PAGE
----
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Author DeWispelare, Daniel, author

Title Multilingual subjects : on standard English, its speakers, and others in the long eighteenth century / Daniel DeWispelare
Published Philadelphia, Pennsylvania : University of Pennsylvania Press, 2017
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Description 1 online resource (336 pages)
Contents Cover; Contents; Introduction. Multiplicity and Relation: Toward an Anglophone Eighteenth Century; MULTILINGUAL LIVES: Peros, Jack, Neptune, and Cupid; Chapter 1. The Multilingualism of the Other: Politics, Counterpolitics, Anglophony, and Beyond; MULTILINGUAL LIVES: Reverend Lyons; Chapter 2. De Copia: Language, Politics, and Aesthetics; MULTILINGUAL LIVES: Dorothy Pentreath and William Bodener; Chapter 3. De Libertate: Anglophony and the Idea of "Free" Translation; MULTILINGUAL LIVES: Joseph Emin; Chapter 4. Literacy Fictions: Making Linguistic Difference Legible
MULTILINGUAL LIVES: Antera DukeChapter 5. The "Alien Wealth" of "Lucky Contaminations": Freedom, Labor, and Translation; MULTILINGUAL LIVES: Sequoyah; Conclusion. Anglophone Futures: Globalization and Divination, Language and the Humanities; Appendix A. Selected "Dialect" Prose; Appendix B. Selected "Dialect" Poetry; Notes; Works Cited; Index; A; B; C; D; E; F; G; H; I; J; K; L; M; N; O; P; R; S; T; V; W; X; Y; Acknowledgments
Summary In the eighteenth century, the British Empire pursued its commercial ambitions across the globe, greatly expanding its colonial presence, and with it, the reach of the English language. During this era, a standard form of English was taught in the British provinces just as it was increasingly exported from the British Isles to colonial outposts in North America, the Caribbean, South Asia, Oceania, and West Africa. Under these conditions, a monolingual politics of Standard English came to obscure other forms of multilingual and dialect writing, forms of writing that were made to appear as inferior, provincial, or foreign oddities. Daniel DeWispelare's Multilingual Subjects at once documents how different varieties of English became sidelined as "dialects" and asserts the importance of both multilingualism and dialect writing to eighteenth-century anglophone culture. By looking at the lives of a variety of multilingual and nonstandard speakers and writers who have rarely been discussed together-individuals ranging from slaves and indentured servants to translators, rural dialect speakers, and others-DeWispelare suggests that these language practices were tremendously valuable to the development of anglophone literary aesthetics even as Standard English became dominant throughout the ever-expanding English-speaking world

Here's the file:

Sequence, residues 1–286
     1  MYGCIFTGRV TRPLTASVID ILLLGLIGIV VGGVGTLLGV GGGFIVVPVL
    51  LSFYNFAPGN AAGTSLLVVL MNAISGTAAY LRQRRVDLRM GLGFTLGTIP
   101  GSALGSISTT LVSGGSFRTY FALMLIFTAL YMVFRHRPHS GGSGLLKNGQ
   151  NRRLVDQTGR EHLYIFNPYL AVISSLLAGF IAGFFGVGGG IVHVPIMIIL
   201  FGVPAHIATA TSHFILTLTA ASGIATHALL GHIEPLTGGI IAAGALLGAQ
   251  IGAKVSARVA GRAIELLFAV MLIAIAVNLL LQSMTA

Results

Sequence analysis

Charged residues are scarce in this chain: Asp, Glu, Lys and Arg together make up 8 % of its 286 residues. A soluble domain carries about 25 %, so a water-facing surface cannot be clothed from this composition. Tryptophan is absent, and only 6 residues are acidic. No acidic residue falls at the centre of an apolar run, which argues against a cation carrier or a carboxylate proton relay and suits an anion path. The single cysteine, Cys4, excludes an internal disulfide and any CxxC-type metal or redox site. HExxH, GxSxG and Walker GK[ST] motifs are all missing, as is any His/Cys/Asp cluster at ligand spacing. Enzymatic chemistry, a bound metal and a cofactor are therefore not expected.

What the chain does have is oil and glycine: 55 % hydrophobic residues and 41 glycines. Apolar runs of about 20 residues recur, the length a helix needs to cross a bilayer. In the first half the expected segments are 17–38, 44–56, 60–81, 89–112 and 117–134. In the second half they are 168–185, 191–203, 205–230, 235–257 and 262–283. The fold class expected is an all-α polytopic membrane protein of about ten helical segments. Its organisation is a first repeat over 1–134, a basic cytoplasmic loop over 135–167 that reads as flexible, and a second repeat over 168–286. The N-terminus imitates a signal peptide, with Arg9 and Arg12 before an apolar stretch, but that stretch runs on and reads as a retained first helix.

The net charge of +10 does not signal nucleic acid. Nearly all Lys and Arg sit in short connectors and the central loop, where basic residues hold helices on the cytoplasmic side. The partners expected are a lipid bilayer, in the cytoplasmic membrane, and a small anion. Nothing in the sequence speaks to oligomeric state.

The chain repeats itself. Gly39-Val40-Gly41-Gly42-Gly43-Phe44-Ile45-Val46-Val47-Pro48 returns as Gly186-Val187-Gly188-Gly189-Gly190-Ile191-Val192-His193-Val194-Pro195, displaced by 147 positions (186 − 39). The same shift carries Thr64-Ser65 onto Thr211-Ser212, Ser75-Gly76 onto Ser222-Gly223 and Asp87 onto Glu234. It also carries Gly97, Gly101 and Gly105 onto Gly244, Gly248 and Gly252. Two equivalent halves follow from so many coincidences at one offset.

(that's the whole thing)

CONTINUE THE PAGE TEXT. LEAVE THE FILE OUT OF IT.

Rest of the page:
Bibliography Includes bibliographical references (pages 317-328) and index
Notes In English
Subject English language -- Political aspects -- English-speaking countries -- History -- 18th century.
English language -- Political aspects -- Great Britain -- History -- 18th century.
English language -- Social aspects -- English-speaking countries -- History -- 18th century.
English language -- Variation -- English-speaking countries -- History -- 18th century.
English language -- English-speaking countries -- Standardization -- History -- 18th century.
Language and languages -- Philosophy -- History -- 18th century.
Language policy -- English-speaking countries -- History -- 18th century.
Multilingualism -- English-speaking countries -- History -- 18th century.
Sociolinguistics -- English-speaking countries -- History -- 18th century.
Translating and interpreting -- English-speaking countries -- History -- 18th century.
Genre/Form History.
Form Electronic book
ISBN 0812293991 (ebk)